Editor's note: Minnesota women are thriving in the outdoors across the state, through hunting, stewardship, work, and more. Today's story is the first in an occasional series this fall introducing some of them to Star Tribune readers.
At 24 years of age, Sophie Arhart is making her way in a field long dominated by men: wildlife management.
But she's paid her dues. While other college students might have spent summers traveling or lying on a beach, she chased spruce grouse, placed identification bands on ducks' legs and surveyed Minnesota's shallow lakes.
The payoff came recently when she was hired as a biologist working for Ducks Unlimited in Litchfield, Minn.
"Banding ducks was fun, but it was a lot of work," Arhart said. "My banding partner and I would get on the water in a johnboat about 7 in the evening with a spotlight and a net and we'd get done about 7 in the morning. Most nights we captured and banded about 40 ducks."
The bands help identify duck migration routes and waterfowl lifespans.
Growing up in an outdoor-oriented northern Minnesota family, Arhart is the daughter of Tony Arhart, a retired Department of Natural Resources conservation officer. Her mother, Barb, is an emergency room ward secretary in Bemidji.
With three older brothers and a younger sister, Arhart said there never was a thought in her family that only her brothers would learn about the outdoors, including how to fish and hunt, while she and her sister would wait at home with their mother.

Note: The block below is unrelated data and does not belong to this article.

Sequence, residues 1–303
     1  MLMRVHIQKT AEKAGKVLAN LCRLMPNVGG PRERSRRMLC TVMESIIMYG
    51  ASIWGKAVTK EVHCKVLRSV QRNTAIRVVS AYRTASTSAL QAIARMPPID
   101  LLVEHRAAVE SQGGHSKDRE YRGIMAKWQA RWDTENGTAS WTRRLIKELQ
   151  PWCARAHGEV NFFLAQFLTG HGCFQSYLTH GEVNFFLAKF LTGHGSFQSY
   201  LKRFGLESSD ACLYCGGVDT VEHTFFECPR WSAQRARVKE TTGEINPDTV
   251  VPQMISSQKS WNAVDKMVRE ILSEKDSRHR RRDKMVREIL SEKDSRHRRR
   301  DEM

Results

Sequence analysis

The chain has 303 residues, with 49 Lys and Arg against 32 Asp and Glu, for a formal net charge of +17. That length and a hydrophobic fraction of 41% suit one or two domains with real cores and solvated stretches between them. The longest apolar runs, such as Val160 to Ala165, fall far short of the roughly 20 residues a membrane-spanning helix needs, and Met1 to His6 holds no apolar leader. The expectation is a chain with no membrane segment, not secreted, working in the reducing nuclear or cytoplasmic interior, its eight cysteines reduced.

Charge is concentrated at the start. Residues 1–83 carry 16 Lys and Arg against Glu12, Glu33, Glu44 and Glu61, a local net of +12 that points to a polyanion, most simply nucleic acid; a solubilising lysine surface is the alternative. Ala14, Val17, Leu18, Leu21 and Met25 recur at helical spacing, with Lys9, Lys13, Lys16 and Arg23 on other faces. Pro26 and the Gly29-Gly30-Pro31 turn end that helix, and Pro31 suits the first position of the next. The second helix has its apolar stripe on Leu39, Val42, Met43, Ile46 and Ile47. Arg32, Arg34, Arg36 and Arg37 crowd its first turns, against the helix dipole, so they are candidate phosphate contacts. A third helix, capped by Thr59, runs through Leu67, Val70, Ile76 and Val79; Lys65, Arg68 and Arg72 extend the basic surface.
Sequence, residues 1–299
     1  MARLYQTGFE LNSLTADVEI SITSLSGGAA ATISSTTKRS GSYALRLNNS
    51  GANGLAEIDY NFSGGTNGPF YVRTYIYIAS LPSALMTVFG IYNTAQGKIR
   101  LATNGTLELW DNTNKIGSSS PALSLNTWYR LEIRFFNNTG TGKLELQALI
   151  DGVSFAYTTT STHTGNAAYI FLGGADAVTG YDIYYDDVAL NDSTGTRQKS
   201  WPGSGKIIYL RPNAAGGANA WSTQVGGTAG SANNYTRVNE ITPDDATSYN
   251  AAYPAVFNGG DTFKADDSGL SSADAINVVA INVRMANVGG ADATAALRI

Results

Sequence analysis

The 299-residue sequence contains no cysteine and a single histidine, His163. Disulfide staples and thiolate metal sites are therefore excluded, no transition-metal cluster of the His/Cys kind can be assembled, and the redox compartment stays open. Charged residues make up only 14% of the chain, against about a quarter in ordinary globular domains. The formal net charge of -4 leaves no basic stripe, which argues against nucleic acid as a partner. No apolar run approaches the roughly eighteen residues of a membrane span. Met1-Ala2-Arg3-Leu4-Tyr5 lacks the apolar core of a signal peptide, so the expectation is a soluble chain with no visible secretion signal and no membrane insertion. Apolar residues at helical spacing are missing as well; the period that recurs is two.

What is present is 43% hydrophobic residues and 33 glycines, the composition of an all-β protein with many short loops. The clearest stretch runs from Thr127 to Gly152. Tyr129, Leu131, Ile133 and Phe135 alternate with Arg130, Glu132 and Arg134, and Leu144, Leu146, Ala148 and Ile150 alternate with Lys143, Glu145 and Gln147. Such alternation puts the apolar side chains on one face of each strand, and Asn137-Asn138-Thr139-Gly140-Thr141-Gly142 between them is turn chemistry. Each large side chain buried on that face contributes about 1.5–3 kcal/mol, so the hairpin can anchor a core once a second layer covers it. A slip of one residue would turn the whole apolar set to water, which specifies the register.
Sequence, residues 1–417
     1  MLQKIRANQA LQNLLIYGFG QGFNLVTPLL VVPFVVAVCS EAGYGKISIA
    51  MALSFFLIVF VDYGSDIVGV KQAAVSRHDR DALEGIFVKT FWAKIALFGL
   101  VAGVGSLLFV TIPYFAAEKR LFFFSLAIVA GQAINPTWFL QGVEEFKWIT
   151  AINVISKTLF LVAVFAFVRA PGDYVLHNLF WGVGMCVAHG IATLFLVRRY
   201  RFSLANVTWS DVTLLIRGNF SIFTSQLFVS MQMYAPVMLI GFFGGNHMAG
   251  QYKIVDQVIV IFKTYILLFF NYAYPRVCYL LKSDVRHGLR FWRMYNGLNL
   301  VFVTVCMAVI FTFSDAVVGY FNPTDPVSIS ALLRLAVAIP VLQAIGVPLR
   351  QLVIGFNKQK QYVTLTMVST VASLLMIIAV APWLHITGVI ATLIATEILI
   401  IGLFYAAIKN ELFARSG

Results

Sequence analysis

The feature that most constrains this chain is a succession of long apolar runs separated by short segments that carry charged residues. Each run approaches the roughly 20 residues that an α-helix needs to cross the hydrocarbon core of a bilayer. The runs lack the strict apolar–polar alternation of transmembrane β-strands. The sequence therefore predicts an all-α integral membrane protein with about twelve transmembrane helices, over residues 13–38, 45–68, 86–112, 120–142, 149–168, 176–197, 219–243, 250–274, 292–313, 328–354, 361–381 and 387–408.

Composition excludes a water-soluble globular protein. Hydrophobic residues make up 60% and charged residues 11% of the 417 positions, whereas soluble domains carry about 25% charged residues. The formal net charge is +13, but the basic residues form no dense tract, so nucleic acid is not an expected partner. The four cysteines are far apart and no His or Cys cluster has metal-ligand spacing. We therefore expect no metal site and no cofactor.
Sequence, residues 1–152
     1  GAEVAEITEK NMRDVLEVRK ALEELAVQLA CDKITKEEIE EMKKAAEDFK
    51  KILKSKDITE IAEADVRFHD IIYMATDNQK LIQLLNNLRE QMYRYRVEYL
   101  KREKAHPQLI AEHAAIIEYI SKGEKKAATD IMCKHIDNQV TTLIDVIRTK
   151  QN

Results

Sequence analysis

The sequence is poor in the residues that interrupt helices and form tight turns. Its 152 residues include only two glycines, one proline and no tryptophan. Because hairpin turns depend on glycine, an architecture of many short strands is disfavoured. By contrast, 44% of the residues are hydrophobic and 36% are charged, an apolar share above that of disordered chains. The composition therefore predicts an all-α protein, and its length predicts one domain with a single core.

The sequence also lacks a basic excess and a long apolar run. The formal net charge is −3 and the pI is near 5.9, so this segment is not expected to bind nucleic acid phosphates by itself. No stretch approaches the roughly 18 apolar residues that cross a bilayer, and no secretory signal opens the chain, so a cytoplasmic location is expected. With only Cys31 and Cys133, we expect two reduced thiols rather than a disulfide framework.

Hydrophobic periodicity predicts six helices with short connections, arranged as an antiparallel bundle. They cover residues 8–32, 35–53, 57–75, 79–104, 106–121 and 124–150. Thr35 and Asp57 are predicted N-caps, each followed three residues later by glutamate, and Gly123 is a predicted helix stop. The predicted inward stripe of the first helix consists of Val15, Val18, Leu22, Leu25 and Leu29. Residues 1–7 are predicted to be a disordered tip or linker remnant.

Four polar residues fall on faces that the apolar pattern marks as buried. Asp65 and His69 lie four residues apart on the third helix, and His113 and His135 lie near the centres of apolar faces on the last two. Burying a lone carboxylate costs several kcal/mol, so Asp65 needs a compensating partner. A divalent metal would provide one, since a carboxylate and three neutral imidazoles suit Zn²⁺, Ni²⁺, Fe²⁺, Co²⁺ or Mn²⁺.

Everyone participated equally, she said.
In fact, her mother is an archery hunter.
"It never occurred to me the outdoors was meant for men and not women," she said. "Everyone in my family enjoys it the same. We fish. We manage habitat. We hunt. The first time I shot a gun was when I was 5. My dad helped me hold it."
Nationally, the number of women hunters is increasing. Some estimates say as many as 20% of hunters are girls and women, perhaps double the rates of a couple of decades back.
Recently published research, in fact, indicates that historically, about as many women hunted as men, and not just small game but big game, as well.
At Bemidji State University, where Arhart studied wildlife biology and wetland ecology, most of her classmates were men.
"I was never intimidated by them," she said. "Sometimes I knew more than the guys did."
Her goal always was to find a permanent job in wildlife management, which is a competitive field and one in which women are a distinct minority.
Yet today, more women than ever are working in wildlife and related fields, and more are in positions of authority.
DNR Commissioner Sarah Strommen, for example, is the first woman to head that agency. The Interior Department is led by a Native American woman, Deb Haaland. And Martha Williams oversees the U.S. Fish and Wildlife Service.
Traditionally, most natural-resource job applicants — men and women — have had hunting and fishing backgrounds, and from these pastimes learned the importance of land, water and wildlife stewardship.